In Hinduism, janeu sanskar holds extreme importance since it is one of the major sanskars amongst the 16 mentioned in the Hindu Dharmashastras. A janeu is a white coloured, sacred thread made of three streams of threads, that is worn from the left shoulder towards the right side. This ceremony is known as Upanayana Sanskar in Sanatan Dharma, where upanayana signifies moving closer to God, while in Sanskrit, it is called Yagyopavita Sanskar. Yagyopavita is a blended word of yagya and upavita, which means getting the right to perform yagya/havan (fire sacrifice). Without completing this ritual; praying, studying, doing puja, business, etc are said to be meaningless.
The Hindu Shastras state that after performing the upanayana ceremony, a child’s sins from his previous lives are cleansed. Consequently, it was believed that the child is reborn after this ceremony as only after completing this ritual does the child become religiously pious. In ancient times, a child was educated only after this was done, as it was believed that the janeu ceremony is crucial for the child’s growth and gaining knowledge.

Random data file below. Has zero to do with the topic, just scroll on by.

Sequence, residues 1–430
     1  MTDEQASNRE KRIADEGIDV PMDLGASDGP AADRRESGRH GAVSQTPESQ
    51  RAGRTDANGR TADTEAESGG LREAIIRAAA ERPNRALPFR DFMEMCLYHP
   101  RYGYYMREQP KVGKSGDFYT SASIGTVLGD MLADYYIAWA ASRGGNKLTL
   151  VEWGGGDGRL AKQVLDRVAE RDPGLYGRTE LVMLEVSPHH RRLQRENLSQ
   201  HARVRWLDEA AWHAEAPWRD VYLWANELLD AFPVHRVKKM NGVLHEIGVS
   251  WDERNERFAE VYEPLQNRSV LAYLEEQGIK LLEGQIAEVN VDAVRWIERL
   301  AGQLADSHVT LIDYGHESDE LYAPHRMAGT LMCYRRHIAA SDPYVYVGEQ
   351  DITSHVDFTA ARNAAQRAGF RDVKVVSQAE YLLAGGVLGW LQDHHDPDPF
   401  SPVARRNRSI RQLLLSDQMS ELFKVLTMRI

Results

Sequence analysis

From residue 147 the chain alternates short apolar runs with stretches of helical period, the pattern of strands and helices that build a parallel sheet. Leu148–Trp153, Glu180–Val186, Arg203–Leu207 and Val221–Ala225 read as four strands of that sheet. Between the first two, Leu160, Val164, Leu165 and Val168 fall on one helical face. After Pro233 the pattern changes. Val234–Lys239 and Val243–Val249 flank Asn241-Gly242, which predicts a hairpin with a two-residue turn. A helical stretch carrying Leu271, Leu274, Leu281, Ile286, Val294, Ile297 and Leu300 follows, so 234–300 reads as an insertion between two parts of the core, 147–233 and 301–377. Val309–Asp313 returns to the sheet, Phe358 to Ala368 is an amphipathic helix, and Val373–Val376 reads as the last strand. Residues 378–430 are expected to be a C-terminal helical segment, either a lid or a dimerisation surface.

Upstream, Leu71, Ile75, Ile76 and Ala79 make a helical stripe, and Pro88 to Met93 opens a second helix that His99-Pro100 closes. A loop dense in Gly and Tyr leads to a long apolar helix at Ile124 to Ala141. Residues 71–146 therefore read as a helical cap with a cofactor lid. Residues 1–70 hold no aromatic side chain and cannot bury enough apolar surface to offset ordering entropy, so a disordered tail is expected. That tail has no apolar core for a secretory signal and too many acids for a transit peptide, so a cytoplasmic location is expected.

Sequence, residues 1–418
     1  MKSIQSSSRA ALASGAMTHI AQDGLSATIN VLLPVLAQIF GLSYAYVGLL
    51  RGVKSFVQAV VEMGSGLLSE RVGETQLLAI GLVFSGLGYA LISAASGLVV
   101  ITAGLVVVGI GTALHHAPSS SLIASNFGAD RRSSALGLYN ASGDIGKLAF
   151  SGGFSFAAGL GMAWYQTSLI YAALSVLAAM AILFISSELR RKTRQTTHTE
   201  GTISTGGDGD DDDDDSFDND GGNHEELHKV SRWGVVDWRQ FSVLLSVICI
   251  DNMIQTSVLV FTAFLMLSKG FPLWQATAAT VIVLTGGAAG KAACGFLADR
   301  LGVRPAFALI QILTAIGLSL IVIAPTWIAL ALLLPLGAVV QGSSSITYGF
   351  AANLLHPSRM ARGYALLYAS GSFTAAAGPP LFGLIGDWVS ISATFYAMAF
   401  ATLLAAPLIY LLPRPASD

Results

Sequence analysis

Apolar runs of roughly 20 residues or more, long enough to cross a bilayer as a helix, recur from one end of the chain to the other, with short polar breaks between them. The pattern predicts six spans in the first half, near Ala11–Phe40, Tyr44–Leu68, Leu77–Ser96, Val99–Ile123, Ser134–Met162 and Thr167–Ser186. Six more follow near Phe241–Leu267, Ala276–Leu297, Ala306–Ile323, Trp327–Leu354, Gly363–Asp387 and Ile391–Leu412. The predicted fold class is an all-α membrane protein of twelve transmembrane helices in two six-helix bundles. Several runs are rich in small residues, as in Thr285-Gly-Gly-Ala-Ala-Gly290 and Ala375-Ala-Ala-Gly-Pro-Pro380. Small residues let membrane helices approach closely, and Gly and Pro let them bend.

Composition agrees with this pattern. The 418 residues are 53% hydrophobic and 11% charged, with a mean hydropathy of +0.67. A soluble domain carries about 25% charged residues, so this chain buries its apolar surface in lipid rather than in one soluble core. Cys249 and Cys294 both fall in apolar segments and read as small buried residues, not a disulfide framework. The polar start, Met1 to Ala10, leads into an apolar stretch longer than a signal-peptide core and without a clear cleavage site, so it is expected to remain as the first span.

Pandit Lalaram’s janeu sanskarwas was performed by Pandit Ramkisson Ramsaywack and after that he embarked on a path towards acquiring a deeper understanding of Hinduism. He participated in the Guyana Hindu Dharmic Sabha’s Kala Utsav several times and in 2004 he won the Ramayan chanting competition and copped second place in the male singing category.
In 2009, he went to India where he studied music and Hindi.
Religion also provided the opportunity for Pandit Lalaram to become a mentor to a number of young people. He had a passion for their development and made sure that they were given the resources to strive. He along with his mentor started the Bath Vaikunta Gurukul where they would mentor youths in various aspects of Hinduism and culture.